Months After Scandal, Will Brian Williams Return To NBC News? The professional fate of Brian Williams remains up in the air after a scandal led to his six-month suspension as chief anchor of NBC News. What path could lead him back to the anchor's chair?
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Months After Scandal, Will Brian Williams Return To NBC News?

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Months After Scandal, Will Brian Williams Return To NBC News?

Months After Scandal, Will Brian Williams Return To NBC News?

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  • <iframe src="https://www.npr.org/player/embed/402856137/402856138" width="100%" height="290" frameborder="0" scrolling="no" title="NPR embedded audio player">
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ROBERT SIEGEL, HOST:

Brian Williams has been in a professional purgatory for months. NBC suspended him in response to claims he made about his Iraq war coverage. Williams said a helicopter he had been in was forced down by a rocket-propelled grenade. The story was proven false. Network officials say they're awaiting the conclusion of an internal review of the rest of his work, but given the hit to his credibility, there are questions about how Williams could return to the anchor's chair. NPR media correspondent David Folkenflik maps out a possible path back.

DAVID FOLKENFLIK, BYLINE: For this story, I've spoken with a former network news anchor, a former network news president, two NBC executives, a leading television agent and a crisis management consultant. All thought Williams' career could have been salvaged easily enough but that his original apology simply didn't work.

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BRIAN WILLIAMS: In an effort to honor and thank a veteran who protected me and so many others after a ground fire incident in the desert during...

FOLKENFLIK: Williams said he was just trying to honor a veteran. Others heard rationalization.

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WILLIAMS: I was instead in a following aircraft. We all landed after the ground fire incident and spent two harrowing nights in a sandstorm.

FOLKENFLIK: First, they say, he needs to apologize once more, directly to veterans, to viewers, to his colleagues and peers. Williams could be seen as reestablishing credibility by answering questions from someone outside his network, such as Diane Sawyer, known for interviewing scandal-tarred celebrities. And Williams must convey that apology publicly to one critic in particular, Tom Brokaw, his predecessor as NBC News' chief anchor.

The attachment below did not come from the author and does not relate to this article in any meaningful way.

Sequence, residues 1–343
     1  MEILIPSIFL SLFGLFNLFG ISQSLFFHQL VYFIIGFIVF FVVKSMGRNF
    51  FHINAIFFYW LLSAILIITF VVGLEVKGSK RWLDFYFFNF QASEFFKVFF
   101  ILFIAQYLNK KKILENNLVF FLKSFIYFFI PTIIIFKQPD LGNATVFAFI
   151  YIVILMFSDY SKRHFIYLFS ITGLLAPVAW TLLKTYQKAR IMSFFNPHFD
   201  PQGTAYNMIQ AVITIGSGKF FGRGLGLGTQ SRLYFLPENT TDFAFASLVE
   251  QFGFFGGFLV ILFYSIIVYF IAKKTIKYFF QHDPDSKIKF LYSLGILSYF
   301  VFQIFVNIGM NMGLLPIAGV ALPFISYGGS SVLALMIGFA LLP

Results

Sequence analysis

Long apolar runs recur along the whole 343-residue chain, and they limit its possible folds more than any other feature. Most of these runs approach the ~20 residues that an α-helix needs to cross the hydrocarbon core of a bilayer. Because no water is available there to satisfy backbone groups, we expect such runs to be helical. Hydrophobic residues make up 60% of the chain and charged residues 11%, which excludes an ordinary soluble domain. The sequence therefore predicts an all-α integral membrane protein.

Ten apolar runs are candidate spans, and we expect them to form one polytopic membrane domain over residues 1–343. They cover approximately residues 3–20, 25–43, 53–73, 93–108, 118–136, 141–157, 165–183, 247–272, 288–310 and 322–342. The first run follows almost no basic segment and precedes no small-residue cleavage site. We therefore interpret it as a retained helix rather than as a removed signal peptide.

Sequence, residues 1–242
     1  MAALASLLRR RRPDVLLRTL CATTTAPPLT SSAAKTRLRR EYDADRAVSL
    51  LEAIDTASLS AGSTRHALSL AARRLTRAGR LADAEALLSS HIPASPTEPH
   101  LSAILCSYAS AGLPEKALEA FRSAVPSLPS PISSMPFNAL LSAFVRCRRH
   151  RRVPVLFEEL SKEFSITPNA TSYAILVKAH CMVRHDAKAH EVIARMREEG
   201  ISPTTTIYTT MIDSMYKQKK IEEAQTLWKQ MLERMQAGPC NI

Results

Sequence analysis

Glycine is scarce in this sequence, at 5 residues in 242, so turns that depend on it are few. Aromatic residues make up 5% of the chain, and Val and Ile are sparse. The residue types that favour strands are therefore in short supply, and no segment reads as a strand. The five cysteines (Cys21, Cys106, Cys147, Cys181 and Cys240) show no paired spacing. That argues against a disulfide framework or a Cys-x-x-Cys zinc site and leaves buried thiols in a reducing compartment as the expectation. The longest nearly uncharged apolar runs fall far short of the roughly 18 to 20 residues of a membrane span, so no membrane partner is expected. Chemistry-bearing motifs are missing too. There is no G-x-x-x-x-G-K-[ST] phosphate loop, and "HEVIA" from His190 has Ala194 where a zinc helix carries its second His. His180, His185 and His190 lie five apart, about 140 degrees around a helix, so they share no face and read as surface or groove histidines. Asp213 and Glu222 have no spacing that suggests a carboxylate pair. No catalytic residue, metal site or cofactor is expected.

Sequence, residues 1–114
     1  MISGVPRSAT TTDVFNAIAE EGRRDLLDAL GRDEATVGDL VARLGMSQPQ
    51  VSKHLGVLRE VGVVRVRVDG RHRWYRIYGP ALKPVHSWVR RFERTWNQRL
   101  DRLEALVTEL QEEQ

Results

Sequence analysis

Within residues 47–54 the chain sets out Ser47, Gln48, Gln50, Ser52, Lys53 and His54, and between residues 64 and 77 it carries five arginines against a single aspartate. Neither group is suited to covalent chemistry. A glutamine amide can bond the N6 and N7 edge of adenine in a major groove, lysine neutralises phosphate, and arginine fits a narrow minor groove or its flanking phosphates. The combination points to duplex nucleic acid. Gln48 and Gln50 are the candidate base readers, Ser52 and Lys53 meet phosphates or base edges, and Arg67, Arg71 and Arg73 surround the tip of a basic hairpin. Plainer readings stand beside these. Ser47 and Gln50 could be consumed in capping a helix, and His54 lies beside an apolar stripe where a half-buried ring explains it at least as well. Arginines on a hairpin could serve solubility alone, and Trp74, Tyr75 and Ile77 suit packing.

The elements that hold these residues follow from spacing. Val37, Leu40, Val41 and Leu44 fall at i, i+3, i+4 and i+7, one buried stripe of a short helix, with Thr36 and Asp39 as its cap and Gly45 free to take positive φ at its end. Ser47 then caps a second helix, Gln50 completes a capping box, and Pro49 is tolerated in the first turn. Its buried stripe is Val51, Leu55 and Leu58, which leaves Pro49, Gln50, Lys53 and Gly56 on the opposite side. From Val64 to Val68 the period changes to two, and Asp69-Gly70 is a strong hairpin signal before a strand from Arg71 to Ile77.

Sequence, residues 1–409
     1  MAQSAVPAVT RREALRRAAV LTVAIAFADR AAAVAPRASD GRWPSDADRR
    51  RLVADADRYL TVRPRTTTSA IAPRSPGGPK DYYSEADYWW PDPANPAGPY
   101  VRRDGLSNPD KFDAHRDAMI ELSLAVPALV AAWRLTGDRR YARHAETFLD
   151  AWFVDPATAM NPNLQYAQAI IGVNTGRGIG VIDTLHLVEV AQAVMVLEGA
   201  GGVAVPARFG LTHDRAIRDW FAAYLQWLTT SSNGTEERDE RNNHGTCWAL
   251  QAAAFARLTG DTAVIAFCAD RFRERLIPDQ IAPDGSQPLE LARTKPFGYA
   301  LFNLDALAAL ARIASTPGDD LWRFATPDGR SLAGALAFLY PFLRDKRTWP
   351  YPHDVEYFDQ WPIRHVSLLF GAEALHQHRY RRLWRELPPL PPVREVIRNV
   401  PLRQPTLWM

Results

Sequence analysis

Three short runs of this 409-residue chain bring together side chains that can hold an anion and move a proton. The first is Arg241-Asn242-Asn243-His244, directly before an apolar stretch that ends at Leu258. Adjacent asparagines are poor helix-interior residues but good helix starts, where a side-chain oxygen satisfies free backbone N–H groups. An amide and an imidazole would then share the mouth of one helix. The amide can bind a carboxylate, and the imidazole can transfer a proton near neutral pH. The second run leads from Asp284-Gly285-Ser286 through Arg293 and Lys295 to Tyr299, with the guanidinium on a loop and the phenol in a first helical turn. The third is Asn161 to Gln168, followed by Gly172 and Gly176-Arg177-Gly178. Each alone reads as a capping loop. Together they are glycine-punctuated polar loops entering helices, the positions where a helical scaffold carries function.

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TOM BROKAW: And I really admire his family a lot. Having said all of that, this is a really, really serious case, obviously.

FOLKENFLIK: That's Brokaw speaking earlier this month at the University of Chicago.

AARON BROWN: He needed Brokaw to run interference for him, and that clearly didn't happen.

FOLKENFLIK: Aaron Brown is a former anchor for ABC News and CNN who had a friendly rivalry with Williams. Brokaw wrote books on what he called the greatest generation, the soldiers who fought in World War II. Brown says Williams strained too hard on his own war stories.

BROWN: For some reason, I just don't think this - the subject matter has been factored in enough. I just somehow think if it were the L.A. earthquake or something or the Simpson trial - I - it would be a yawn.

FOLKENFLIK: Journalists are tough on Williams, especially those at his own network. Yet, according to two people at NBC, research suggests that Williams retains significant goodwill with the viewing public. And ratings under his substitute, Lester Holt, have softened. But they have not evaporated, which makes bringing Williams back tougher. An associate of new NBC News Chairman Andrew Lack says Lack is genuinely open-minded about Williams' fate, but published reports say the ongoing review has already turned up 10 or 11 stories in which Williams made questionable claims. Regardless, Aaron Brown argues it's time for NBC to make its call.

BROWN: You make a decision, live with it, but do it because this in-between cannot be healthy for the organization. It can't be healthy for the audience. It can't be healthy for journalism. We're talking about all the wrong things now.

FOLKENFLIK: If he answers all the questions and regains the anchor's chair, Williams would have to focus on the work and avoid late night talk shows on which he told many of the stories now under scrutiny. He'd also have to hope nothing else comes to light. Back in 1999 Williams joked he had nothing to lose after making some edgy jokes at a black-tie dinner in Washington, D.C. At the time he was an anchor on NBC's sister network, MSNBC.

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WILLIAMS: I'm not cocky about my own employer, but there's very little they can do punishment-wise. I'm already in cable, so...

FOLKENFLIK: And that's actually the final suggestion from NBC from a former network news chief. Ship Williams back to cable. David Folkenflik, NPR News, New York.

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